The first scientific images of the James Webb Space Telescope are expected in mid-July

The first scientific color images of the James Webb Space Telescope, the most powerful telescope ever launched into orbit, will be released in mid-July, AFP quoted a program official as saying on Monday.

James Webb Space TelescopePhoto by NASA

The images, which are said to be impressive and await researchers around the world, should show the tremendous potential of James Webb.

The exact date of publication of this surprise package will be clarified later, and the content will remain confidential until the last moment.

The images taken by the four scientific instruments on board will be published, promised Klaus Pontopidan, head of the James Webb Research Institute at the Space Telescope, which operates the Baltimore Telescope.

Another indication is that “all topics” of the telescope’s scientific observations will be presented, he said at a press conference. These include the early universe, the life cycle of stars, and exoplanets.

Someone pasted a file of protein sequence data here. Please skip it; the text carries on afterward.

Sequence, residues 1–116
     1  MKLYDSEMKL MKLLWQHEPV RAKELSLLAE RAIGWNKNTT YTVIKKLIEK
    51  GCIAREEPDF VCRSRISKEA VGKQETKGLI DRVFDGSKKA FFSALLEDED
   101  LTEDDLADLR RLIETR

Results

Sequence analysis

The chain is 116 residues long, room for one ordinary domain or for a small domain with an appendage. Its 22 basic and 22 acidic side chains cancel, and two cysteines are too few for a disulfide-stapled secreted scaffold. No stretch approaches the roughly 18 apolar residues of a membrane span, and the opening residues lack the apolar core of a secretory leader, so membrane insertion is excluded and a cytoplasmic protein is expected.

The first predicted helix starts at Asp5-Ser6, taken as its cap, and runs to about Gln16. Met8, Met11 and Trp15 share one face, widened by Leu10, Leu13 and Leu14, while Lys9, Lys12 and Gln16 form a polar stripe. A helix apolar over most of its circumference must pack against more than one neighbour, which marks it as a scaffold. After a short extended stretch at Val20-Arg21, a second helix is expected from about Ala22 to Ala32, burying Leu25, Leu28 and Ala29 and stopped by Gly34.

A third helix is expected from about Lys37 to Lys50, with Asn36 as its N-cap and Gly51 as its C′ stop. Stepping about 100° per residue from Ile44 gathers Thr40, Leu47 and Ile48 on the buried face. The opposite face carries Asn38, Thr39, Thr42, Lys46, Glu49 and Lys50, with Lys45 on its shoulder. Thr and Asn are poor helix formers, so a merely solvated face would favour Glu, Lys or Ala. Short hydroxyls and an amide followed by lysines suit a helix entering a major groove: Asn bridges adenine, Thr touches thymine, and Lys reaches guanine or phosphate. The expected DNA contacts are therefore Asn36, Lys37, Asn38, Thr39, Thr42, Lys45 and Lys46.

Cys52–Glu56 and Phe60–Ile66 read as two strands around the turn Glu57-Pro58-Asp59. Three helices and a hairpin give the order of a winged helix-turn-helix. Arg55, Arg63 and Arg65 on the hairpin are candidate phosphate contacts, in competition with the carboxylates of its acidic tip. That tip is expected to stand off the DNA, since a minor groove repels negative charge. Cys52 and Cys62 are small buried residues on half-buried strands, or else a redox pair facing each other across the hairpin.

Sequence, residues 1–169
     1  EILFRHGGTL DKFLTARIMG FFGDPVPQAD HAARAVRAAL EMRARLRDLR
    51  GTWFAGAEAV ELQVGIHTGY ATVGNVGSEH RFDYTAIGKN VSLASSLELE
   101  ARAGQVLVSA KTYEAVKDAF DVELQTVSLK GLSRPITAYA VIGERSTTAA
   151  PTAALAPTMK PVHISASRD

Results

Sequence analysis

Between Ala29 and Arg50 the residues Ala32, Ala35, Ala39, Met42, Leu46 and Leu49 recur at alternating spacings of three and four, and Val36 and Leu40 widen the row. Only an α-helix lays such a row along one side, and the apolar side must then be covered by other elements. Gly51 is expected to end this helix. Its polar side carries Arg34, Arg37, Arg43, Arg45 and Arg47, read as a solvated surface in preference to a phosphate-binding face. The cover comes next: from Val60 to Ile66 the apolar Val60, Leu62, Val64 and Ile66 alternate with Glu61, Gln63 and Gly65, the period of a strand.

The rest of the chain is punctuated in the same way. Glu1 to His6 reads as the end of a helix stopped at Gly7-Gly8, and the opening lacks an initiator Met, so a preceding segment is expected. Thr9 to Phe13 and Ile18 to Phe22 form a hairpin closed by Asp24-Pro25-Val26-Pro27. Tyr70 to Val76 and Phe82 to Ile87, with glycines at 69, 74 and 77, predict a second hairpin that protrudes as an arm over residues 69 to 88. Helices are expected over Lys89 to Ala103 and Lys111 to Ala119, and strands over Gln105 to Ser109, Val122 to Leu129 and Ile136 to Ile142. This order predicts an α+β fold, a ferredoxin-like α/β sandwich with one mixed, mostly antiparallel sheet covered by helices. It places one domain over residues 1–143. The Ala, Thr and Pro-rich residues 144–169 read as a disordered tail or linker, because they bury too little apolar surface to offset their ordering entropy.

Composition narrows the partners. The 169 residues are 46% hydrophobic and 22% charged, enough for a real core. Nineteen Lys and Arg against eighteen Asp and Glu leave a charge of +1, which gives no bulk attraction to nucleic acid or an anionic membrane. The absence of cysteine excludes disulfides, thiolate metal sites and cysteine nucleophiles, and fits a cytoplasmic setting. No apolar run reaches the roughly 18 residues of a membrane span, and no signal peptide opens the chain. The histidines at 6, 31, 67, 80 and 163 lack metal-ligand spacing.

The telescope works with infrared, then it will notice “colors in the eyes that are not in the visible spectrum,” said Pontopidan. Thus, before publication, it will be necessary to “translate infrared colors into visible colors that people can see.”

At the end of April, James Webb completed the phase of aligning his huge main mirror with four scientific instruments.

Images of the telescope have already been published, but they have been used to measure instruments rather than for astrophysical targets of scientific interest.

In order to reveal the images in mid-July, a commission was convened to define a long list of possible targets, sorted by priority. “Which of them will eventually become a target depends on when the telescope will be able to observe them,” Pontopidan said.

The $ 10 billion international project was successfully launched over Christmas and is now 1.5 million kilometers from Earth.

After the publication of these first scientific images, the first official period of observations will begin. One of the goals of the James Webb Telescope was to observe the first galaxies to form just hundreds of millions of years after the Big Bang.

The mission of the telescope should last at least five years, but it has enough fuel to work for more than 20 years.

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